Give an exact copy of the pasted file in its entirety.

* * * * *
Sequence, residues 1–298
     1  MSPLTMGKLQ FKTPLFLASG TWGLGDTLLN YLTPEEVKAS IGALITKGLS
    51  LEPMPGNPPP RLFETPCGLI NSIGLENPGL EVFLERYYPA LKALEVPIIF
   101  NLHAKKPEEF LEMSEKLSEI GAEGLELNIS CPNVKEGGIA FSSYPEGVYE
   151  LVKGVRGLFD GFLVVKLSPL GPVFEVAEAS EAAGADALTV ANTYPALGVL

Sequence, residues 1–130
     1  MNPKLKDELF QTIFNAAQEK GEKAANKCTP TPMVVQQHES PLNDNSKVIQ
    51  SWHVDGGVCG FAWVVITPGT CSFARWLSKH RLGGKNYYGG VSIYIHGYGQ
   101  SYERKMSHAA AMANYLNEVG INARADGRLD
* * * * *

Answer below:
Sequence, residues 1–298
     1  MSPLTMGKLQ FKTPLFLASG TWGLGDTLLN YLTPEEVKAS IGALITKGLS
    51  LEPMPGNPPP RLFETPCGLI NSIGLENPGL EVFLERYYPA LKALEVPIIF
   101  NLHAKKPEEF LEMSEKLSEI GAEGLELNIS CPNVKEGGIA FSSYPEGVYE
   151  LVKGVRGLFD GFLVVKLSPL GPVFEVAEAS EAAGADALTV ANTYPALGVL

Sequence, residues 1–130
     1  MNPKLKDELF QTIFNAAQEK GEKAANKCTP TPMVVQQHES PLNDNSKVIQ
    51  SWHVDGGVCG FAWVVITPGT CSFARWLSKH RLGGKNYYGG VSIYIHGYGQ
   101  SYERKMSHAA AMANYLNEVG INARADGRLD